# waves after exhaustion of the susceptible pool)
expandTimeAfterMaxNTips <- 0

# Running the simulation

To run the simulation we use the function simulateEpidemic with the parameters specified as above:

epidemic <- simulateEpidemic(
Ninit=N, nu=nu, mu=mu, pe=pe, sde=sde, pg.init=pg.init, GEValues=GEVs,
rateContact=1/6, rateInfect=rateInfect, rateDie=rateDie,
rateSample=rateSample,
rateMutate=rateMutate,
numsAllelesAtSites=numsAllelesAtSites, eUniqForEachG=eUniqForEachG,
selectWithinHost=TRUE,
timeStep=timeStep, maxTime=maxTime, maxNTips=maxNTips,
expandTimeAfterMaxNTips=expandTimeAfterMaxNTips,
process="select/select")

# Analysing the epidemic

Here we glimpse over some of the functions used in analyzing the simulated epidemic. A more elaborate analysis is provided in the vignette for the package patherit.

## Extracting the transmission tree connecting sampled host

tree <- extractTree(epidemic)
## Generating tree: nTips= 1000 , number of uncollapsed edges= 3393
plot(ape::ladderize(tree), show.tip.label = FALSE)

## Extract the population of sampled patients

# extract the population of all sampled individuals
pop <- extractPop(epidemic, ids = tree$tip.label) # calculate their phenotypic values at the moment of diagnosis pop[, z:=calcValue(env, gene, e, GEValues = epidemic$GEValues)]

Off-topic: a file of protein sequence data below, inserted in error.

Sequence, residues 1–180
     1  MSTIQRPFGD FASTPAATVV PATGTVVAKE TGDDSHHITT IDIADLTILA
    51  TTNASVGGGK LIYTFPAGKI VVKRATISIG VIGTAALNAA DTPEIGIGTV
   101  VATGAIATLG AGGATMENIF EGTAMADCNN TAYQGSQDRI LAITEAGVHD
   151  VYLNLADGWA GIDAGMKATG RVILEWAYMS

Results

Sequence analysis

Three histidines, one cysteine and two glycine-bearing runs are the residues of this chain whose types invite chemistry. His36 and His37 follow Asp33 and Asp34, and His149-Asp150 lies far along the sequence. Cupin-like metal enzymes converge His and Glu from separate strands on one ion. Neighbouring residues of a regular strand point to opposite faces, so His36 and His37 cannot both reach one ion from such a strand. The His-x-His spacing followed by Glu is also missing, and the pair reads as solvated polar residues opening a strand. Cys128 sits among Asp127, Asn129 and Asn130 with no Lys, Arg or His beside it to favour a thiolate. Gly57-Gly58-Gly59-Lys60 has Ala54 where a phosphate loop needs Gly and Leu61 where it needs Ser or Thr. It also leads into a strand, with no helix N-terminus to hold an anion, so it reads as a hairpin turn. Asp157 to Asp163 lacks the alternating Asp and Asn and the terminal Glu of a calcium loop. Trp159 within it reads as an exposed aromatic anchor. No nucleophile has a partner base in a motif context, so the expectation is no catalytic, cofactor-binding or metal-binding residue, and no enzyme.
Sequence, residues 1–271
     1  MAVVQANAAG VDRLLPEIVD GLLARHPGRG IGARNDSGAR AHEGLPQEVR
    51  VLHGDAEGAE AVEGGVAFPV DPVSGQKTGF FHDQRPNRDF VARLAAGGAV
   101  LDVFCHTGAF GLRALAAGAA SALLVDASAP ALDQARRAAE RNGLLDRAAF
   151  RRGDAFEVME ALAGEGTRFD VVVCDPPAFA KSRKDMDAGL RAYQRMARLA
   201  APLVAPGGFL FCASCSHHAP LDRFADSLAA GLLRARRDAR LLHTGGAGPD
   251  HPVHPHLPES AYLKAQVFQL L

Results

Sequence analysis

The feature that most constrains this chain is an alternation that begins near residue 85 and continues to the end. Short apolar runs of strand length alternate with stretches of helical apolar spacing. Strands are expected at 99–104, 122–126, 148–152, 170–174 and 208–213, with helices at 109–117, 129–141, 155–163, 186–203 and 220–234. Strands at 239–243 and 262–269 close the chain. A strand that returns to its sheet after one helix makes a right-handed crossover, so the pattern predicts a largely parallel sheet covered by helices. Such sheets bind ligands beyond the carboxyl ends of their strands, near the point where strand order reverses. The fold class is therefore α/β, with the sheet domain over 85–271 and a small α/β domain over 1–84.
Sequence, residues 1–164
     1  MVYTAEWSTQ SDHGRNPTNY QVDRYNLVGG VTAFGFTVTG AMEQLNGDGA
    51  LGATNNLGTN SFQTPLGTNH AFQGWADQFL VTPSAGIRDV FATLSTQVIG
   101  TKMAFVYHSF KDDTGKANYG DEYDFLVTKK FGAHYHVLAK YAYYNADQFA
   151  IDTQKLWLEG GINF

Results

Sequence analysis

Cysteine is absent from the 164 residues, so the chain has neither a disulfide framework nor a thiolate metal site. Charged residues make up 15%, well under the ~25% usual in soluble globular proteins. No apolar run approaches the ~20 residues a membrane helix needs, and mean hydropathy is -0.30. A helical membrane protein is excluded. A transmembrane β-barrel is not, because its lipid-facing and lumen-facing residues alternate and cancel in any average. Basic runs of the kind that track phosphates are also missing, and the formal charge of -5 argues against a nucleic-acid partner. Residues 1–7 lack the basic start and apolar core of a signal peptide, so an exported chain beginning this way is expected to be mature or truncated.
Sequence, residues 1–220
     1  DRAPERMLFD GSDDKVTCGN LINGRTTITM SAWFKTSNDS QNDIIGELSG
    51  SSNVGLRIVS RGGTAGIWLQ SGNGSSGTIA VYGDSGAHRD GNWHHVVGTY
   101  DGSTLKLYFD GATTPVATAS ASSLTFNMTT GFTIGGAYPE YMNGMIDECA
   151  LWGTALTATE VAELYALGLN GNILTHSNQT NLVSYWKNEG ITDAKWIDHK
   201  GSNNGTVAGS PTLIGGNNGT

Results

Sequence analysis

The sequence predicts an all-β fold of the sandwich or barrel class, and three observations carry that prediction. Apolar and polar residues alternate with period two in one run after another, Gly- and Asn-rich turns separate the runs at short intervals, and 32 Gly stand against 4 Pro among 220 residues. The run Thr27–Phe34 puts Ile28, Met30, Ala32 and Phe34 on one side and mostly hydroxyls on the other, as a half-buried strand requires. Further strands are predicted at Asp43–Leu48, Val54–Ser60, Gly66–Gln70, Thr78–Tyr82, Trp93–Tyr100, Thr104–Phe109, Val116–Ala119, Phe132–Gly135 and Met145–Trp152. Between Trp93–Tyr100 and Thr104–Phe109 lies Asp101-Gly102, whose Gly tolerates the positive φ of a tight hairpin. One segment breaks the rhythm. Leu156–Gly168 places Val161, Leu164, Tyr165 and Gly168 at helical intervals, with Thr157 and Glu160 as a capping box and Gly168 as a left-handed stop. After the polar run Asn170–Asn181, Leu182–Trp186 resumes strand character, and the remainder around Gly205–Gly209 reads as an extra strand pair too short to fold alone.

hist(pop[, z])

## Extract donor-recipient couples

drc1 <- extractDRCouples(epidemic)

## Saving the epidemic for future analysis

save(epidemic, file="epid1.RData")

# Packages used

Apart from base R functionality, the toyepidemic package uses a number of 3rd party R-packages:

• For fast execution: Rcpp v0.12.14 (Eddelbuettel et al. 2017);
• For tree processing: ape v5.0 (Paradis et al. 2016);
• For reporting: data.table v1.10.4.3 (Dowle and Srinivasan 2016);
• For testing: testthat v1.0.2 (Wickham 2016).

For a further introduction to the toy epidemiological model, we refer the reader to (Mitov and Stadler 2016).

# References

Dowle, Matt, and Arun Srinivasan. 2016. Data.table: Extension of ‘Data.frame‘. https://CRAN.R-project.org/package=data.table.

Eddelbuettel, Dirk, Romain Francois, JJ Allaire, Kevin Ushey, Qiang Kou, Nathan Russell, Douglas Bates, and John Chambers. 2017. Rcpp: Seamless R and C++ Integration. https://CRAN.R-project.org/package=Rcpp.

Mitov, Venelin, and Tanja Stadler. 2016. “The heritability of pathogen traits - definitions and estimators.” Unpublished Data https://www.biorxiv.org/content/early/2016/06/12/058503.

Paradis, Emmanuel, Simon Blomberg, Ben Bolker, Julien Claude, Hoa Sien Cuong, Richard Desper, Gilles Didier, et al. 2016. Ape: Analyses of Phylogenetics and Evolution. https://CRAN.R-project.org/package=ape.

Wickham, Hadley. 2016. Testthat: Unit Testing for R. https://CRAN.R-project.org/package=testthat.